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Reloading .358 Winchester | .358 Winchester History, Uses & Ballistics

by Norman Gray, Fri, January 13, 2017

The .358 Winchester: Still A Major Contender

Written by Norman Gray
Technical Expertise by Bob Shell

Browning BLR lever action rifle in .358 Winchester
A well-used and well-loved Browning BLR lever action rifle in .358 Winchester. It seemed to love Doubletap’s 250 gr. Jacketed Soft Point ammunition. Doubletap is one of only a handfull of manufacturers who still load .358 Winchester.


In 1977, Ron (pictured with his deer) purchased a new Browning BLR lever action rifle chambered in .358 Winchester to hunt native deer in his home state of Louisiana. At the time, he used factory Winchester 200 gr. Silver Tip ammunition, although he felt they didn’t give him the results he anticipated. Time passed and so has his techniques for hunting deer, but one thing has remained the same, the rifle or, “old friend,” as he tells it, carried on every hunt. He stated that he has used his Browning for almost everything a rifle wasn’t meant to be used for, but when it came time to pull the trigger on that Browning boat paddle, the .358 Winchester it was chambered for always ended the hunt.

Posing beside a deer shot with a .358 Winchester Browning BLR Ron posing beside a deer he took in the swamps of Louisiana with his .358 Winchester Browning BLR. He says this scene is repeated every deer season.


.358 Winchester History

The story of the .358 Winchester cartridge begins in 1955, 22 years before Ron made his choice in a new deer rifle. The ballisticians at Winchester began with their .308 Winchester case and necked it up to accept .358” diameter bullets. The resulting cartridge was designated the .358 Winchester. It’s first chambering was the Winchester Featherweight Model 70 bolt-action rifle, a year later in their Winchester Model 88 lever-action. Regrettably, after 43 years of service, it fell out of favor and was suspended in 1998. As with many great underrated cartridges, no one knows why exactly. Some speculate it may have fallen victim to the magnum craze because people believed at the time, (and some still do), that any shortcoming they think a cartridge may have can be fixed with the application of more powder.

Shooting a Browning BLR with a .358 Winchester cartridge
My 17-year-old son Cameron enjoyed shooting both the Browning BLR and the .358 Winchester cartridge it’s chambered for. Since the .358 is no slouch, he appreciated being able to load up or down the power of cartridge as needed for the hunt.


Modern hunters and handloaders who own and load this caliber know that this was and still is a very viable short to medium range cartridge. It can easily handle almost any game in North America with the application of the right bullet. They also know not to believe everything they read or hear, because sometimes a cartridge’s demise is based on misrepresentation of the facts or a mere misunderstanding as I feel it was with the .358 Winchester. The term “gone but not forgotten” still applies today and with the introduction of new factory .358 Winchester brass to Starline’s lineup, handloaders can now breathe new life into this great cartridge.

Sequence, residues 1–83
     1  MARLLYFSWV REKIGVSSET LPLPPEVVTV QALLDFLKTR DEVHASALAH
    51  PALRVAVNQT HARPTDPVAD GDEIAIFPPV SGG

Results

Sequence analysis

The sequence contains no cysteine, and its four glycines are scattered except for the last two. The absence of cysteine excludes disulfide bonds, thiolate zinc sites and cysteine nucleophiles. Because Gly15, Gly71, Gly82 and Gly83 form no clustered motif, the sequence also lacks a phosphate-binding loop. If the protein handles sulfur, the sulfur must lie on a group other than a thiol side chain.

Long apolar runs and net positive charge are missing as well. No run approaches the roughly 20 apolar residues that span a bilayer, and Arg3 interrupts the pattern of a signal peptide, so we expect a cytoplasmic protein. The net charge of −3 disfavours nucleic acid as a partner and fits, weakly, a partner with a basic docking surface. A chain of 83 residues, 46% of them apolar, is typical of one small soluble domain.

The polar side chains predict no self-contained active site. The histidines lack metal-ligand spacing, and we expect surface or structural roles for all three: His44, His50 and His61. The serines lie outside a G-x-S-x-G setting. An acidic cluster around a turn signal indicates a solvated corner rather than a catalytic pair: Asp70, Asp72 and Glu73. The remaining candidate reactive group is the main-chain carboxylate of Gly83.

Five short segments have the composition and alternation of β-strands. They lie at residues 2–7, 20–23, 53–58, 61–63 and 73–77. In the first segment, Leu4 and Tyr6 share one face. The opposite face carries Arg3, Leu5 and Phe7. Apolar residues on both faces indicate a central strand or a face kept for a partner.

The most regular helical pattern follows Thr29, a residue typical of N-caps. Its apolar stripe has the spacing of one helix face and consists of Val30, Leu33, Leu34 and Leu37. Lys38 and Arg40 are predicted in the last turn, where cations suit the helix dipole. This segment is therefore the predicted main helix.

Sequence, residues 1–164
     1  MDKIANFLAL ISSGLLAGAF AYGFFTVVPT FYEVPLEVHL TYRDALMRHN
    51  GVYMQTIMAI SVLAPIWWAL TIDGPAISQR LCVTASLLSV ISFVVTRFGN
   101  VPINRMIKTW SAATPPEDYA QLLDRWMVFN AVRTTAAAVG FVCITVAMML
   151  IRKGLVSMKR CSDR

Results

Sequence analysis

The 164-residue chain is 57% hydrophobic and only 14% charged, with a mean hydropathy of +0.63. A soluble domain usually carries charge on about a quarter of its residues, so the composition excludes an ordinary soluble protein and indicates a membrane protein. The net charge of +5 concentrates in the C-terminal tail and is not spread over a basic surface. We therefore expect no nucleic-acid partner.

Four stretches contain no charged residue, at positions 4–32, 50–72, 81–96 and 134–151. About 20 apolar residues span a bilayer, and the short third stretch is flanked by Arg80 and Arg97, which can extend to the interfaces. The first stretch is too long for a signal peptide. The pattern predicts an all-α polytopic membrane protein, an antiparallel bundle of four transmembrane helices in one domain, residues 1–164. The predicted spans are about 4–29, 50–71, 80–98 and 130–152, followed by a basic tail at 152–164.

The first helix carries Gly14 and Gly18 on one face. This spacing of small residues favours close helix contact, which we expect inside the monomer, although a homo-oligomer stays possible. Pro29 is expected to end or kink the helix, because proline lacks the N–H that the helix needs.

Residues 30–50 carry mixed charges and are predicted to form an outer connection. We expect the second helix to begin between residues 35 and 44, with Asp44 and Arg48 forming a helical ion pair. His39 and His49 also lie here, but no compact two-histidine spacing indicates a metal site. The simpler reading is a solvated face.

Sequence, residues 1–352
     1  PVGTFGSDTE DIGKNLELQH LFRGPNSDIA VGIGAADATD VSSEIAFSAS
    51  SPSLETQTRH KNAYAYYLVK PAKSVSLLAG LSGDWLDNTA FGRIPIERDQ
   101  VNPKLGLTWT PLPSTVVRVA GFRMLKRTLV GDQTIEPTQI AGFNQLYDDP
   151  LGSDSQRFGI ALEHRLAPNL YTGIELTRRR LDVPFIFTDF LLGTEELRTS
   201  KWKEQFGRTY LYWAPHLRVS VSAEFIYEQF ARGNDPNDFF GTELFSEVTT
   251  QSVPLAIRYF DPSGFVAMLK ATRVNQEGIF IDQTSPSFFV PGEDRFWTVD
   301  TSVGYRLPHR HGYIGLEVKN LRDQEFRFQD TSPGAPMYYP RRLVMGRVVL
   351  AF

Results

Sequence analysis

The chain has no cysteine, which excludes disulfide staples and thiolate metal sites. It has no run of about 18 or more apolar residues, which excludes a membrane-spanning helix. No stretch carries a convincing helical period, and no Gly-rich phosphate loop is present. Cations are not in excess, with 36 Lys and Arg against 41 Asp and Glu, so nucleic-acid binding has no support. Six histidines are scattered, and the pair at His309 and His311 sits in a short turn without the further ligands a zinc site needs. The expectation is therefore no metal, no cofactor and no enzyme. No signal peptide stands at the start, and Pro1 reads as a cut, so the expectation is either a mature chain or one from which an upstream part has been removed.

.358 Winchester Reloading and Ballistics

The .358 Winchester is the little brother to the 35 Whelen, which uses a necked up 30-06 case. Over the pond, the .358 Winchester is known by the millimeter designation, 8.8x51mm. Original factory ammunition was loaded with 200 and 250 gr. bullets, but if you handload, not only can you load the .358 to your liking, you also have the option of using .357” pistol bullets for smaller game. These loads are covered in most reloading manuals that include loading information for the .358 Winchester. One such load starts with a 158 gr. Speer UCHP and a starting charge of 48.0 grains of IMR 4064 that generates a muzzle velocity of about 2496 ft./sec.

358 Winchester hand loads

358 Winchester hand loads from L to R: 200 gr. Hornady RN, 180 gr. Speer, 150 gr. Sierra HP, 158 gr. cast SWC, 200 gr. Hornady, 148 gr. Wad Cutter


Factory ammunition is still available, but limited to companies like Hornady and DoubleTap, but not Winchester, which I find amusing. This is why handloading is so important to those of us who don’t follow the main stream and find solace in older cartridges like the .358 or just find custom loads more satisfying. Earlier I mentioned that Ron didn’t find the factory loads he was using to be satisfactory. He needed a better load, something at the time only handloads could provide, so he did his research and found Bob Shell. Bob Shell is my mentor and has handloaded rare, obsolete and wildcat cartridges for over 30 plus years and when Ron told him his problem, Bob had the answer. He loaded Ron a custom load utilizing a 200 gr. Hornady Soft Point with 48 grains of 4895. The 200 gr. Hornady left the barrel at 2438.0 ft./sec and his deer hunting dilemma was resolved.


 Manufacturer: (FL)      AV:(FPS)       SD       AG     
 DOUBLETAP 200 GR. BARNES TSX LEAD FREE      2587.6      21.6       N/A